Ensuring energy security; fighting poverty; the future of the US dollar; the future of cities; why leaders turn a blind eye; and why they build bad strategies.
These are the contrasting themes of the six books battling to win this year’s Financial Times and Goldman Sachs Business Book of the Year Award – a shortlist that is low on “crisis” books compared with prior years. The finalists are:
Poor Economics: A Radical Rethinking of the Way to Fight Global Poverty by Abhijit V. Banerjee and Esther Duflo (Perseus Books, Public Affairs, USA)
Exorbitant Privilege: The Rise and Fall of the Dollar by Barry Eichengreen (Oxford University Press, UK)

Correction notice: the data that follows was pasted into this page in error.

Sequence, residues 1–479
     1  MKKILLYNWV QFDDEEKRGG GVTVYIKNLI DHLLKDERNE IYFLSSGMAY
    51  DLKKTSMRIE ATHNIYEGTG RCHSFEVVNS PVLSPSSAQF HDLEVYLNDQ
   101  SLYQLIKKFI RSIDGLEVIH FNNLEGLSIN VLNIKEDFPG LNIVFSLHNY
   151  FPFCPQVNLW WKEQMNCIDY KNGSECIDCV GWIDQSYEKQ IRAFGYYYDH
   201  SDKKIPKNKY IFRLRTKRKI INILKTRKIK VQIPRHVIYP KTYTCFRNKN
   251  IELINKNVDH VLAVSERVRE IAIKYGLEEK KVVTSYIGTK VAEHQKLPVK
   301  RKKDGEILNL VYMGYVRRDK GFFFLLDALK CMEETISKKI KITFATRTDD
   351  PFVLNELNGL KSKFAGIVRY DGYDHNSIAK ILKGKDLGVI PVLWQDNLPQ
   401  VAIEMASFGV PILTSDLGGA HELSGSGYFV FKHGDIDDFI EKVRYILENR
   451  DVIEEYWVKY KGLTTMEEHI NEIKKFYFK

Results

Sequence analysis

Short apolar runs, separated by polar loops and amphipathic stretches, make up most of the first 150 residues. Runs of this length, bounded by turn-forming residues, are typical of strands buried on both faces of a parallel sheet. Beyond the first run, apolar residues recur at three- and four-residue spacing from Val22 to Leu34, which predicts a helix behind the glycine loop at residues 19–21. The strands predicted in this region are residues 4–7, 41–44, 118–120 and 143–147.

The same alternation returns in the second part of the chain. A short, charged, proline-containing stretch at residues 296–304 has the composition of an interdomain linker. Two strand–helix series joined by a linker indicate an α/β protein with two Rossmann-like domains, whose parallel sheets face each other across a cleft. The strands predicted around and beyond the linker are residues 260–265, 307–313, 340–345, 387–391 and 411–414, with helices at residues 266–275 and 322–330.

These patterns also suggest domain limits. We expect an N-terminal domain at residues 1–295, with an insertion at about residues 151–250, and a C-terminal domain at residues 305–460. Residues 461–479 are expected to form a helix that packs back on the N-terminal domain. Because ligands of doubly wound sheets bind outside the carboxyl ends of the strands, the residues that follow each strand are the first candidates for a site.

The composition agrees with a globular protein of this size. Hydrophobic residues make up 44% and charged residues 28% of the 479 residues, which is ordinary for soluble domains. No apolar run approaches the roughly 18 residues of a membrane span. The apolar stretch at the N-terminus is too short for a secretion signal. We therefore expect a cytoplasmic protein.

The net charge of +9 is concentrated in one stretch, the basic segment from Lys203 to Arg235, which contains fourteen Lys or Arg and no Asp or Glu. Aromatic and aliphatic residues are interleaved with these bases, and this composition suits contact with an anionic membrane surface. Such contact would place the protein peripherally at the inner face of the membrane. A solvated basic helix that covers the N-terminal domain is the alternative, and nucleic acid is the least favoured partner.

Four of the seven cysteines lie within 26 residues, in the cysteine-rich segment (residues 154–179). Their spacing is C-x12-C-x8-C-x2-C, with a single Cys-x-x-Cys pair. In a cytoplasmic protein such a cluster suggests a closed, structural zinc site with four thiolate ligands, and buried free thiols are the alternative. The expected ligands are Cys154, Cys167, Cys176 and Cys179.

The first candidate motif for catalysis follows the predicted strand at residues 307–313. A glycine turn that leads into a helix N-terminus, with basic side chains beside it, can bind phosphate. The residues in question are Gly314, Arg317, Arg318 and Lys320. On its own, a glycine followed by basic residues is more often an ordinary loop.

Triumph of the City: How Our Greatest Invention Makes Us Richer, Smarter, Greener, Healthier and Happier by Edward L. Glaeser (The Penguin Press, USA; Macmillan, UK)
Wilful Blindness: Why We Ignore the Obvious at Our Peril by Margaret Heffernan (Walker & Co, USA; Simon & Schuster, UK)
Good Strategy, Bad Strategy: The Difference and Why It Matters by Richard Rumelt (Crown Business, USA; Profile, UK)
The Quest: Energy, Security, and the Remaking of the Modern World by Daniel Yergin (The Penguin Press, USA; Allen Lane, UK)
I was an observer at the judging meeting in New York this week, where the likes of Jorma Ollila, chairman of Shell and Nokia, Lynda Gratton from the London Business School, and Arthur Levitt, former Securities and Exchange Commission chairman, discussed the longlist. I’d say there will be a tough debate on November 3, when they meet again in London to decide the winner. Meanwhile, feel free to tell me what you think of their list.